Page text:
This person who is able to claim on the child’s behalf is known as a litigation friend. This can be a parent or legal guardian, for instance. They can start a claim before the child turns 18.
Claiming For Those With A Reduced Mental Capacity
If the claimant has sustained a head injury or suffers from a mental condition that affects their ability to make a claim themselves, their time limit is suspended. As with child claims, a litigation friend may also claim on their behalf.
Otherwise, their time limit will only begin if and when they are deemed capable of making a claim. This is usually following some sort of recovery.
If their mental capacity is not expected to return, then the time limit remains suspended indefinitely.
How Long Does An Accident Claim Take For A Road Traffic Injury?
If you’re interested in making a road traffic accident claim, you might wonder, “how long does an accident claim take?” There is no straight answer to this question, as every claim is unique, and the length of the road traffic accident claims process can depend on a number of different factors.
For example, the extent of your injuries, the amount and quality of the evidence you are able to obtain, and whether or not the other party accepts liability are all factors that can have an impact on the length of time it takes for your road traffic accident claim to conclude.
Contact our team of friendly advisors to find out if you could work with a solicitor from our panel.
Before making a road accident claim, there are a few steps you should take. Some will be at the scene of the accident, others will be at a later date.
If you suspect that someone has been injured due to an accident on the road, their safety should be paramount. Someone may only seem to have minor injuries, or possibly no injuries at all. There can be injuries not immediately visible, such as internal damage. Anyone involved in a car accident should seek medical attention to be safe.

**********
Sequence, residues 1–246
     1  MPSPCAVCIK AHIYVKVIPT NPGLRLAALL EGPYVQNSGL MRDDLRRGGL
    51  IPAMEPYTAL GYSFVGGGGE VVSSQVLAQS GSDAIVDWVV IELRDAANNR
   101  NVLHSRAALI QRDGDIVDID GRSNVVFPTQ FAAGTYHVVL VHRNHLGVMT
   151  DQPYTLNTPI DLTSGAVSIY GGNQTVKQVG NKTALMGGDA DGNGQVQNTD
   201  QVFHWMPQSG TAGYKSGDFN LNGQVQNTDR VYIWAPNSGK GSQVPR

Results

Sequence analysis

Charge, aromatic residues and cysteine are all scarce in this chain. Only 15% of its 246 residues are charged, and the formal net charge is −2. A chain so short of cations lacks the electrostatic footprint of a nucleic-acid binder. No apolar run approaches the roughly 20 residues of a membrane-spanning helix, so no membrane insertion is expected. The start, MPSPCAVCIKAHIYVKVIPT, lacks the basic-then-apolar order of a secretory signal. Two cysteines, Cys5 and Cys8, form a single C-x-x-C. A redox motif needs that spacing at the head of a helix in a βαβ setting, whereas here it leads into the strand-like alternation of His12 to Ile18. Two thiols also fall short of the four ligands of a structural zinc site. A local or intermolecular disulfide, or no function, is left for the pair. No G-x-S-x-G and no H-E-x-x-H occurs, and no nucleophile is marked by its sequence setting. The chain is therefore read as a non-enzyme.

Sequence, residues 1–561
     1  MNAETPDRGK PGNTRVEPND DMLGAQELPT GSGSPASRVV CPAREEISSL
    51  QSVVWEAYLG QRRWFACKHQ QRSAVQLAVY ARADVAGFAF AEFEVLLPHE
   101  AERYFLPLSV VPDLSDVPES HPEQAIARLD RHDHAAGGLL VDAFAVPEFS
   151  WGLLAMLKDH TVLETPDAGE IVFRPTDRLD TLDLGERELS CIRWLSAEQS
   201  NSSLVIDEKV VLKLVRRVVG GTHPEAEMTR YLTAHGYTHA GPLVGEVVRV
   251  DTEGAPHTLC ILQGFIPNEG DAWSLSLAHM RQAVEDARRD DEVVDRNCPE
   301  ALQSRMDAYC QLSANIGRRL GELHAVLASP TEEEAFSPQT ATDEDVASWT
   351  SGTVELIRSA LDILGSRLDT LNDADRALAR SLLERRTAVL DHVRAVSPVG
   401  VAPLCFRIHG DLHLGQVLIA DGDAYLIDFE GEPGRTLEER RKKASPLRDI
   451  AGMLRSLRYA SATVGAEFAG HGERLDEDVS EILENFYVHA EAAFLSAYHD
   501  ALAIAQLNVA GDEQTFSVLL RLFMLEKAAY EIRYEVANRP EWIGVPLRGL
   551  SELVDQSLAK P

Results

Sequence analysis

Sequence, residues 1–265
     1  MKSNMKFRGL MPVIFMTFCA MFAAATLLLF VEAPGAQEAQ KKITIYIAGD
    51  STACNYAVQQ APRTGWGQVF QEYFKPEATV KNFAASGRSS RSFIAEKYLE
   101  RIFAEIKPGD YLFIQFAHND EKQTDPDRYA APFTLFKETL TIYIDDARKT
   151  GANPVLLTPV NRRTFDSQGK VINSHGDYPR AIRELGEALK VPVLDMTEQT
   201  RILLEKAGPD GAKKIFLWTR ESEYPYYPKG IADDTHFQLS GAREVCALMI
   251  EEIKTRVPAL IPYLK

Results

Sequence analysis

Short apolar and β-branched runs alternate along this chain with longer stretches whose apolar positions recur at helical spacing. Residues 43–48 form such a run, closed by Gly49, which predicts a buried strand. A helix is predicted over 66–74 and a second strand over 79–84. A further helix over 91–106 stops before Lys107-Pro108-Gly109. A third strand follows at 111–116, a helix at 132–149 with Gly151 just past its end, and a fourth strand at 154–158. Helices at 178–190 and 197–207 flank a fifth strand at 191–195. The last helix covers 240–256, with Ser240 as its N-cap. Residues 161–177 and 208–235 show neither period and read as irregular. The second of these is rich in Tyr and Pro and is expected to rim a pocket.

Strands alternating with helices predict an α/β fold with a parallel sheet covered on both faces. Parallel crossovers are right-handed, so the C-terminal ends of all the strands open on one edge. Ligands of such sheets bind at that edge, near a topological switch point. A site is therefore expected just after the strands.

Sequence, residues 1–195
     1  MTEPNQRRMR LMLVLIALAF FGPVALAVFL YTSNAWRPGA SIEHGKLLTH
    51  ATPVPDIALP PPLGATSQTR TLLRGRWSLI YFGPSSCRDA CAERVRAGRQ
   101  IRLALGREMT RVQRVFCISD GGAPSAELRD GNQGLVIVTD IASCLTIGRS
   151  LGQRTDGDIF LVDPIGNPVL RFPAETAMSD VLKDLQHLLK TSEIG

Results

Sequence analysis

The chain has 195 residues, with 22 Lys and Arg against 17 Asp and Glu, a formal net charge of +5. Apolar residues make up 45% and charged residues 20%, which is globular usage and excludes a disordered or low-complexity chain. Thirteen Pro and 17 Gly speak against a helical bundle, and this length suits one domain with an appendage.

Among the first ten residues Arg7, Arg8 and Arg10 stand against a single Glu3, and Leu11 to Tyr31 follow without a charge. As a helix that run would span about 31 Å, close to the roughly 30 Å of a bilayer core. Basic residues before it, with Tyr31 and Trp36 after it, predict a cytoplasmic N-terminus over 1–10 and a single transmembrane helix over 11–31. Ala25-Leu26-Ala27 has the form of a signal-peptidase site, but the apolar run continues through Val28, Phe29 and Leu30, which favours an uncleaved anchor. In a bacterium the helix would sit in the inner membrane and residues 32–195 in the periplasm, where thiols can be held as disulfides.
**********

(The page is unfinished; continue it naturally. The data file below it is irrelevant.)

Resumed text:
Obtaining proof of this treatment afterwards can also be useful during your claim. Medical records can be a useful piece of evidence.
Reporting the accident to the police and to relevant insurance providers is also an important step. Additionally, collecting the contact details of any witnesses to the accident can also prove very helpful.
The value of a road traffic accident claim can’t be boiled down to one figure. They’re calculated in accordance with factors like the severity of the injuries and the impact on the injured party’s life.
The amount awarded to the claimant for the physical and mental injuries is known as general damages. Legal professionals can work out how much your general damages payment should be worth with the assistance of the Judicial College Guidelines (JCG). This is a publication made up of various injuries and their potential worth in compensation.
We’ve included some example figures from the JCG in the table below.
|Tetraplegia/quadriplegia||(a) Not in physical pain, full awareness, retained powers of speech, sight and hearing but needs help with bodily functions||£304,630 to £379,100|
|Psychiatric damage||(c) Moderate - a marked improvement following earlier issues||£5,500 to £17,900|
|Sight||(b) Total blindness||In the region of £252,180|
|Sight||(d) 1 eye completely lost||£51,460 to £61,690|